HealthDay News — Higher intake of sugar-sweetened beverages (SSBs) is associated with higher all-cause mortality and cardiovascular disease (CVD) incidence and mortality among adults with type 2 diabetes, according to a study published online April 19 in The BMJ.

Le Ma, from the Harvard T H Chan School of Public Health in Boston, and colleagues conducted a prospective cohort study involving 15,486 men and women with a diagnosis of type 2 diabetes to examine the intake of specific types of beverages in relation to mortality and outcomes.

The researchers found that 3447 (22.3%) of participants had incident CVD and 7638 deaths (49.3%) were documented during an average of 18.5 years of follow-up. When comparing categories of the lowest vs the highest intake of beverages, the pooled hazard ratios for all-cause mortality were significantly increased for SSBs (1.20) and significantly lower for coffee, tea, plain water, and low-fat milk (0.74, 0.79, 0.77, and 0.88, respectively) after multivariable adjustment. Associations were found to be similar for individual beverages and CVD incidence and mortality. SSB intake was associated with an increased risk for incident CVD and CVD mortality (hazard ratios, 1.25 and 1.29, respectively), while intake of coffee and low fat milk were significantly inversely associated with CVD incidence. Those who increased their consumption of coffee after diabetes diagnosis had lower all-cause mortality compared with those who did not change their coffee consumption.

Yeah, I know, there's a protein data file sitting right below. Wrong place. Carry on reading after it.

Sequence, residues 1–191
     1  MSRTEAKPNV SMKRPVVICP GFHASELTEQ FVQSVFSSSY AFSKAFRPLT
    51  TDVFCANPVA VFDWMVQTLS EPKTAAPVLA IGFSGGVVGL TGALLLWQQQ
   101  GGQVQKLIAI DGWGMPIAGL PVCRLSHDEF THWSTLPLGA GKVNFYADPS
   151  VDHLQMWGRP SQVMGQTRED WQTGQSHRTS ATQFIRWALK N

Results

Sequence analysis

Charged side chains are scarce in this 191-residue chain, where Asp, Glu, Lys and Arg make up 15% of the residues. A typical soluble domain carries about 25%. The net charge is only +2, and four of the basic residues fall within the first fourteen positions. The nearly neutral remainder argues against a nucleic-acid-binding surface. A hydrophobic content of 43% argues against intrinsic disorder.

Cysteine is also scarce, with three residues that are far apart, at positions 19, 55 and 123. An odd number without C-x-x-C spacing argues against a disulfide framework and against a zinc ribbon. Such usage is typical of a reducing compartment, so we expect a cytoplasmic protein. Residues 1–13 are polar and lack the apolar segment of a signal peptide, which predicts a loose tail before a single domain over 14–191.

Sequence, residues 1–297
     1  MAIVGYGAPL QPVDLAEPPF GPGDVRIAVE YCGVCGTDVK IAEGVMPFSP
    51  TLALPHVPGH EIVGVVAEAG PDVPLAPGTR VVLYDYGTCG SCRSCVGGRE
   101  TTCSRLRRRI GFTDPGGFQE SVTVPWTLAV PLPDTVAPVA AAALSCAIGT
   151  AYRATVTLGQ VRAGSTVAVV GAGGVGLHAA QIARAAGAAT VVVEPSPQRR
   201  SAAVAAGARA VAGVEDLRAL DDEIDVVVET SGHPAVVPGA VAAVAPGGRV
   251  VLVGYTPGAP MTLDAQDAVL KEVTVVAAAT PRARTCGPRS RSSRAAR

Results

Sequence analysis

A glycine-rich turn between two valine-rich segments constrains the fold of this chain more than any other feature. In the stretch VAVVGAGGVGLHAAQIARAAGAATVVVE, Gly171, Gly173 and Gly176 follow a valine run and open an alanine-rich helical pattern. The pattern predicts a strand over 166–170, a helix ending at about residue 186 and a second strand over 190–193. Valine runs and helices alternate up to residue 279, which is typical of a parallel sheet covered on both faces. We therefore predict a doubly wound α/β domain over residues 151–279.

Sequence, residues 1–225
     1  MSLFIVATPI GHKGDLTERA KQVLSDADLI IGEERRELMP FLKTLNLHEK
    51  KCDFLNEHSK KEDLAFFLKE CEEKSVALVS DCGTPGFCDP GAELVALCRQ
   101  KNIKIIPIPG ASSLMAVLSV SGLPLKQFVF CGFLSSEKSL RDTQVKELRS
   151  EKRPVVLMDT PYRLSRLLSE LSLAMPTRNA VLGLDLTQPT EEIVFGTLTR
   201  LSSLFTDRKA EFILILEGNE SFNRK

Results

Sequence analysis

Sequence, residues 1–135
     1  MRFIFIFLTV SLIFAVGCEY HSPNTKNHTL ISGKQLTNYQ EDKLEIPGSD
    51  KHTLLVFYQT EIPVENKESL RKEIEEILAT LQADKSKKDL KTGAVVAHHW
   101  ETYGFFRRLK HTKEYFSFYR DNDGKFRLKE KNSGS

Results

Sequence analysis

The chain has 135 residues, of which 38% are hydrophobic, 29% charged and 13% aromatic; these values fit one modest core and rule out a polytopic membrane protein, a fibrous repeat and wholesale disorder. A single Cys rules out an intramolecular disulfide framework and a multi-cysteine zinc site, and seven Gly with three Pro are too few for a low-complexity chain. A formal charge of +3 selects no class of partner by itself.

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“These results provide additional evidence that emphasizes the importance of beverage choices in maintaining overall health among adults with diabetes,” the authors write.

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